Plot: Alex has a troubled existence, one that has him wandering the land and almost always engaged in combat. He fights anyone and everyone, including entire schools of kung fu masters. His friend loves to fight too, but doesn’t have the skills of Alex, so he just travels with him. Alex’s friend also loves to stir up trouble and start fights, then have Alex step in and finish the conflicts. Alex has great fighting skills, but he is haunted by the memories of his childhood when he saw his father lose a fight. This is how he winds up against a powerful gangster known as The Leopard, as he sees some thugs trying to humiliate an old man in front of his grandson. After Alex dispatches the thugs, he learns of The Leopard and his hold over the village. But even if Alex could defeat The Leopard and his henchmen, can he ever overcome his trouble past and make peace with what happened back then?
Entertainment Value: Dragons Never Die is also known as Kung Fu: 10th Dan, but its never been easy to track down under either title. The story here is kind of odd, since this dude is just haunted by his dad losing a fight, which seems rather extreme. I get the honor thing and the spirit of competition, but Alex really should have just moved on with his life, I think. Despite the somber tone of his father’s defeat (shown here in murderous red soaked flashbacks), Dragons Never Die has a comedic slant in most scenes. There’s even a scene where the fighting is sped up to chipmunk level speed, which is of course, an unusual sight. The movie takes a more serious turn toward the last half hour, but until then, the tone is light and even goofy at times. There’s a lot of action and not much down time between fights, which is nice. A slower pace does kick in toward that shift in tone, but it goes with the narrative, so it makes sense. This movie isn’t going to convert any non believers, but if you’re into wacky chop socky movies, Dragons Never Die is well worth a chance.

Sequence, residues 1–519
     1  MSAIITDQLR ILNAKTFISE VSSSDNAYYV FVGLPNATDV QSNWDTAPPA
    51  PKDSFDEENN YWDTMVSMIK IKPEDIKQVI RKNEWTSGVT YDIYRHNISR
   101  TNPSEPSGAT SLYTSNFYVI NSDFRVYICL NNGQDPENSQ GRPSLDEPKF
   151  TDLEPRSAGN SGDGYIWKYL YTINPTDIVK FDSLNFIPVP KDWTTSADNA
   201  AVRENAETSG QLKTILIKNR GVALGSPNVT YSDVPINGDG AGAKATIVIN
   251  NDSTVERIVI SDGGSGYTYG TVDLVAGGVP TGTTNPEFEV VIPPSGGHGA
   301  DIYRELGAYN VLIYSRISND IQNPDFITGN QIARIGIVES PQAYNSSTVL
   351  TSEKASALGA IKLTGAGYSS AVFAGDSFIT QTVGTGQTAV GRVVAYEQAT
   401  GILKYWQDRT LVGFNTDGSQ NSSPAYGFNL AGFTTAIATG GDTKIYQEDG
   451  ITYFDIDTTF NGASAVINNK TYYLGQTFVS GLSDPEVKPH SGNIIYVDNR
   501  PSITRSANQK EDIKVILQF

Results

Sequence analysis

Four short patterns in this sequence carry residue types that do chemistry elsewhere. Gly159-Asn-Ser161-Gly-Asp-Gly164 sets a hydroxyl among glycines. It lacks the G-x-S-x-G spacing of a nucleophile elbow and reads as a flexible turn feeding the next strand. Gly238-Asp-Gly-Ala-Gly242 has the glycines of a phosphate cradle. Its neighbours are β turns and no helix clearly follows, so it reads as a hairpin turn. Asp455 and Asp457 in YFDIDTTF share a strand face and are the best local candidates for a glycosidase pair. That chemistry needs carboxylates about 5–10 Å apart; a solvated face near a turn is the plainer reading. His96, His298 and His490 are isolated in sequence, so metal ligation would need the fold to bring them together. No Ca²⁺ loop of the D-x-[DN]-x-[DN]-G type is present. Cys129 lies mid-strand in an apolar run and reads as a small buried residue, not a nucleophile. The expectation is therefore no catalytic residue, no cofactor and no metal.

One girl gets topless after she gets worked up watching hot blacksmith action, needed to take a bath to cool down. Our comic foil comes in and ruins her bath of course, which is always fun. No blood, but lots of chop socky style violence. I mean a lot, as Dragons Never Die is petal to the metal action in most stretches, with a short respite toward the end, then it ramps right back up again. The fights aren’t that intricate, but are rock solid and are a lot of fun to watch. For a movie with so much comedy, you might be surprised how effective the fight scenes are in this one. The English language track is totally off the wall, or at least I assume it is. The broken English is hilarious and the voices don’t mesh well with the characters, just goofy stuff. A lot of hilariously bad lines that just add to the film’s comedic slant. Aside from the voice work and blood red flashbacks, there isn’t much crazy about Dragons Never Die, so it remains pretty grounded within the chop socky expectation spectrum.
Overall Insanity: 1/10